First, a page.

On a recent project, we were using the OrganizationService, CrmConnection and the Late Bound methodology to build several WCF Services to interact with Microsoft Dynamics CRM 2011.
We experienced some really bizarre behavior which at first, seemed a little hard to understand. We had the following ConnectionString defined for the CrmConnection (I’m obfuscating the client specific values):
<?xml version="1.0" encoding="utf-8" ?> <configuration> <connectionStrings> <clear/> <add name="Main" connectionString="Url=https://***.crminstance/OrgName; Username=***; password=***; /> </connectionStrings> </configuration>
For the first day, I was the only one running the application so nothing seemed out of place. The next day, we had two more developers running the application and all the methods worked as well. We had several more developers start the day after that and two of them had problems. The key point is that everyone was making calls to the services deployed to the Test Environment which used the same connectionString. A few of us were out to lunch and one of the developers, being new to Crm development, assumed that the problem was that he wasn’t a Crm User. This was totally reasonable b/c after each call failed, he attempted to look in Crm to see if he could figure out what went wrong and received and error message indicating he wasn’t a user. After each of the newest devs were added to Crm, their calls started working.
When I got back and heard about the problems, another developer and I started to take a look at things. The other developer noted that each of the records created were created by the person running the code. That seemed really strange. At the same time, I noticed that the password we used for the account was outdated.
Now this was strange- how could this code be running at all? After all the password being used was clearly wrong. The code worked, the Unit Tests passed so we had bigger fish to fry that day although it was something we definitely wanted to circle back around to as soon as we had a few minutes.
All afternoon it bugged me – how could this be working at all? And why weren’t the records being created with the correct owner? I started looking around and decided to change a few things. Originally, the code instantiating the CrmConnection was defined using one of the overloaded constructors:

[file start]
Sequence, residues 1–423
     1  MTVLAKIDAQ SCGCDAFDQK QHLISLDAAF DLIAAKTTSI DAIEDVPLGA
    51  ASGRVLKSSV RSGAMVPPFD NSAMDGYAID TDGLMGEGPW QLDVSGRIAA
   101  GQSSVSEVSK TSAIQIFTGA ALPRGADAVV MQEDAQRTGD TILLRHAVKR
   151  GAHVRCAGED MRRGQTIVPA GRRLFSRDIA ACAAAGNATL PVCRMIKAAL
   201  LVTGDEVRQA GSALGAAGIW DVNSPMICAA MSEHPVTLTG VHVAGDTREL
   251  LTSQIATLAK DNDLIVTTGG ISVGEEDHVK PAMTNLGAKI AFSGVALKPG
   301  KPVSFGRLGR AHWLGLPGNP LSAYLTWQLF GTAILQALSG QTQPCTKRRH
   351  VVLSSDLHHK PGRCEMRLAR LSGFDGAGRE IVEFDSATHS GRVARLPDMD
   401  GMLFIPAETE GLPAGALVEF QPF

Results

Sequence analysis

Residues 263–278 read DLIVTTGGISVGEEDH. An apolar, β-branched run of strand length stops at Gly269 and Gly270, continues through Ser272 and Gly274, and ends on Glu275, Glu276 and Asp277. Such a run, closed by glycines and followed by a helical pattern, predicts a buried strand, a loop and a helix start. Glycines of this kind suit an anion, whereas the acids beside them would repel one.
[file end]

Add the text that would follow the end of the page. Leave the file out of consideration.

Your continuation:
CrmConnection PrimaryConnection = new CrmConnection("Main");
CrmConnection PrimaryConnection = CrmConnection.Parse("Url=https://***.dynamics.com; Username=***; password=***;");
Not surprisingly, this didn’t change anything (proving only that the overloaded constructor and the Parse method both worked as advertised). I decided to start from scratch and changed the connectionString as follows:
<connectionStrings> <clear/> <add name="Main" connectionString="Url=https://***.dynamics.com; Username=***; password=***; Domain="DomainName"/> </connectionStrings>
Then it all became clear. And of course, this corrected the problem. Can you see what it was? Well, here’s what happened (keep in mind that the initial connectionString had a bad password). When the attempt is made to instantiate the connectionString, it’s parsed and the credentials are used. Since the connectionString had an invalid password, things didn’t work. Once the password was fixed, it was missing the Domain name. So in both cases, the cached user credentials for the user running the code was used. Once the domain was added and the password was corrected, the parse operation ran successfully and a valid user and password was found on the domain, so the specified user credentials were passed in.
One other thing worth throwing in. Securing your connectionStrings is an important security consideration and there are built in mechanism for securing your connectionString information. Frequently however companies will chose to use an existing Cryptography library to Encrypt and Decrypt their data. Assume then, that you were using a custom library that had a Static Decrypt method. You can use it in conjunction with the Parse method (b/c the overloaded constructors use the Name of the connectionString or a ConnectionStringSetting object):
String DecryptedConnectionString = CryptoLibrary.Decrypt(ConfigurationManager.ConnectionStrings["CrmMain"].ConnectionString; var connection = CrmConnection.Parse(DecryptedConnectionString);
And once you have a valid CrmConnection, creating an OrganizationService or
CrmOrganizationServiceContext is as easy as passing it into the respective object's constructor:
String DecryptedConnectionString = CryptoLibrary.Decrypt(ConfigurationManager.ConnectionStrings["CrmMain"].ConnectionString; var ConnectionInstance = CrmConnection.Parse(DecryptedConnectionString); // Declare and Instantiate OrganizationService var ServiceInstance = new OrganizationService(ConnectionInstance); // OR???
// Declare and Instantiate CrmOrganizationServiceContext
String DecryptedConnectionString = CryptoLibrary.Decrypt(ConfigurationManager.ConnectionStrings["CrmMain"].ConnectionString; var ConnectionInstance = CrmConnection.Parse(DecryptedConnectionString); var ContextInstance = new CrmOrganizationServiceContext(ConnectionInstance);
If you have any questions or comments, just let us know: email@example.com
KeyWords: Microsoft.Xrm.Sdk.Entity, Crm 2011, Dynamics CRM 2011, Microsoft.Xrm.Client.CrmConnection, RelatedEntities, CrmConnection, Microsoft.Xrm.Client, CrmOrganizationServiceContext , OrganizationService, CrmConnection.Parse, CrmConnection.Parse, Dynamics4, Dynamics4.com